Created by a group of ‘professionals from the paper world (manufacturers, printers, bookbinders and creatives) who are worried about the environment’, Barcelona Paper works in collaboration with the city council in Barcelona to capture and reprocess the waste paper into new products.
With around 3 million people living and working in Barcelona (plus the tourists – like us), that is a stack of paper waiting to be reutilised. And with each of the products in the Barcelona Paper range being guaranteed to be 100% recycled and created from the city waste you know that you are helping to create a dent by purchasing one of the notebooks.
We could not think of better gifts to bring back for people.
Coming in a range of different sizes and formats, the range is also available with both plain kraft and bright over printed covers in block colour or typographic patterns. Plus, they are pretty reasonable too – ranging from about €4 upwards.
So – visiting Barcelona? Hunt out the Barcelona Paper range in the Tourist Information centres, paper shops and artisan design shops. A great purchase to support a great initiative.
Fashion is often heralded as one of the biggest bad boys when it comes to wastefulness and a huge turnover of raw materials – telling us daily that the new thing is the best thing. Fashion moves quickly. The waste clothes soon follow. But not all fashion is created this way, and we were really interested to discover Finnish brand Tauko Design, who use reclaimed textiles in their collections.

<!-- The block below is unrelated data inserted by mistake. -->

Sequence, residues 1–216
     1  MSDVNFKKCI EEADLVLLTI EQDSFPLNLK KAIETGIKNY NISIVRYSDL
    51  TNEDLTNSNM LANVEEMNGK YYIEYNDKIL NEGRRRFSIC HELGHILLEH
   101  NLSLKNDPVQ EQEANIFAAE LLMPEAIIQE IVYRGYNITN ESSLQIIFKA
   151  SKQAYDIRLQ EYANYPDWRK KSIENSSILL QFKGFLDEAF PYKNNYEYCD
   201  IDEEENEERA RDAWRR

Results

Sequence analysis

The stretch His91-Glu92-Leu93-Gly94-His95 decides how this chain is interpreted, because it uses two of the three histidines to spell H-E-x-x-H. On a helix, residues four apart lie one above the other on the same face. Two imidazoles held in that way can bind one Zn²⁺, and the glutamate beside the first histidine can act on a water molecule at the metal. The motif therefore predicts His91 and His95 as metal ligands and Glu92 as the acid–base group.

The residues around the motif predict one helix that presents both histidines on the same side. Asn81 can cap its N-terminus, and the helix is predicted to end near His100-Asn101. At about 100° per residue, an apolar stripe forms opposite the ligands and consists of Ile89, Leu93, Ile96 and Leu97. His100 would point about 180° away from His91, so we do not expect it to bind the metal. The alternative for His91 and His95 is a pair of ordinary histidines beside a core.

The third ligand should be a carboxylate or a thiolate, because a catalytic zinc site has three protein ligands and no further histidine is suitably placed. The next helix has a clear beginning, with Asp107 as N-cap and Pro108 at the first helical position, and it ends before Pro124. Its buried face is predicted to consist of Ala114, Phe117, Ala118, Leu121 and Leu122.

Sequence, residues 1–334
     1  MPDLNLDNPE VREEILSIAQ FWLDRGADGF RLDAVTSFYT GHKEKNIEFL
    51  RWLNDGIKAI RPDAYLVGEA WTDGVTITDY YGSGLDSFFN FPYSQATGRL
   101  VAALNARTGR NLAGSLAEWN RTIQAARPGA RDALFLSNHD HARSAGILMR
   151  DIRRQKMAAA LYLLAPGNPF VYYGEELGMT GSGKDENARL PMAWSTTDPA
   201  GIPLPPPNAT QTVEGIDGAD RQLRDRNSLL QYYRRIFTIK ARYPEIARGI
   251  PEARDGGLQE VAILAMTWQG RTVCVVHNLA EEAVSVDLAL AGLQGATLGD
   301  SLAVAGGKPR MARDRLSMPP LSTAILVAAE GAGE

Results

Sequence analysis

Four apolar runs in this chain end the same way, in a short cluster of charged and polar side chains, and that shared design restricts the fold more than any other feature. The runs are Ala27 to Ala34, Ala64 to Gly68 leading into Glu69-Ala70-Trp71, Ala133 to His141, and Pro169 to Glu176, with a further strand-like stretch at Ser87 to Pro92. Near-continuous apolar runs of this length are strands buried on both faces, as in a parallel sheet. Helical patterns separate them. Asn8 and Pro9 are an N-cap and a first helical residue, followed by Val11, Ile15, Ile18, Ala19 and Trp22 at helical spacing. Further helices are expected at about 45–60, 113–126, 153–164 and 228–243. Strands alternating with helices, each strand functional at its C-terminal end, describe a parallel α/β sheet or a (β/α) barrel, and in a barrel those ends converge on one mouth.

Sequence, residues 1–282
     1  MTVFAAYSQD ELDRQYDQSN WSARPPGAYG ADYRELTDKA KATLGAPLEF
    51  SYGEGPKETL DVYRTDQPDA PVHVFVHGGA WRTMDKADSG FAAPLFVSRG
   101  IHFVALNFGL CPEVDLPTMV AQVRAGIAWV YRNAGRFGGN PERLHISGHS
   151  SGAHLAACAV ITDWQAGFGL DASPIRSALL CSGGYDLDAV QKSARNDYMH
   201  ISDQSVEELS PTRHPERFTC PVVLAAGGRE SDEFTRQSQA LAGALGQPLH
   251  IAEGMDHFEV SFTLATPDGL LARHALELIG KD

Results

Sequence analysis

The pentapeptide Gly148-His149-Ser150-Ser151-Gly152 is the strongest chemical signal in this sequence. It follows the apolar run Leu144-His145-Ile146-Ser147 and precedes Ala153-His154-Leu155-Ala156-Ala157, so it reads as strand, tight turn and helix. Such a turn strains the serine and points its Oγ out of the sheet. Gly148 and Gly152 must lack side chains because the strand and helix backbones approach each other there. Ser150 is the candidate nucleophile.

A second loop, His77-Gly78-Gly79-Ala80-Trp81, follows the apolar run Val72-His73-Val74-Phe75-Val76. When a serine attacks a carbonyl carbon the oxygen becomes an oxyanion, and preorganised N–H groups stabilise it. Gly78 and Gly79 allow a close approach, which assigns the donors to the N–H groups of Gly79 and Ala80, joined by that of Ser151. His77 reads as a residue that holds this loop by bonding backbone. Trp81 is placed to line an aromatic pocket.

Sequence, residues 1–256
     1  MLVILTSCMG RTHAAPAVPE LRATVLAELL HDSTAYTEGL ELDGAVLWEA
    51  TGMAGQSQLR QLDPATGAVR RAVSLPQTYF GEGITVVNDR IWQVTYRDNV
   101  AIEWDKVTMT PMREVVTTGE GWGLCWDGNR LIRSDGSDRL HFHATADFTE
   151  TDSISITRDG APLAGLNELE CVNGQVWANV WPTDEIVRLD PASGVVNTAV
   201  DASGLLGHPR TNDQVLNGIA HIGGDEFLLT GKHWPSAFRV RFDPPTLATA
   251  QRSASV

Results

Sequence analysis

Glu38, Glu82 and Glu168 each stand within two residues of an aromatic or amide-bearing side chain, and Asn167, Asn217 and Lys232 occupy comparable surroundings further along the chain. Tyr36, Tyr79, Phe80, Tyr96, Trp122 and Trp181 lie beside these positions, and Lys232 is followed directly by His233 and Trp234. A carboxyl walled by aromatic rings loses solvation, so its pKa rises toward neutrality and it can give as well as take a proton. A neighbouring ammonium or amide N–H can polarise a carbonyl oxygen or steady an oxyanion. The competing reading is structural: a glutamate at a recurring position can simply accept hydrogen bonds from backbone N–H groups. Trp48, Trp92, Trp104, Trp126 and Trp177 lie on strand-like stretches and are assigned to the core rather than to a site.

Based on waste textiles from the service sector, Tauko Design takes lots of sheets (often waste from hospitals), dyes them in vibrant colours and completely transforms them into new items.
“In our creations, we show the minimalism of the Nordic design tradition as well as the coolness of the Finnish landscape. There is always a hint of Baltic humor in our garments; small colorful details that give them a unique edge. We love big pockets and guarantee that the clothes won’t limit anyone from biking, running, dancing or just having a rest. Each of our designs were made with passion and commitment, always keeping in mind to make them work for diverse occasions and various body types.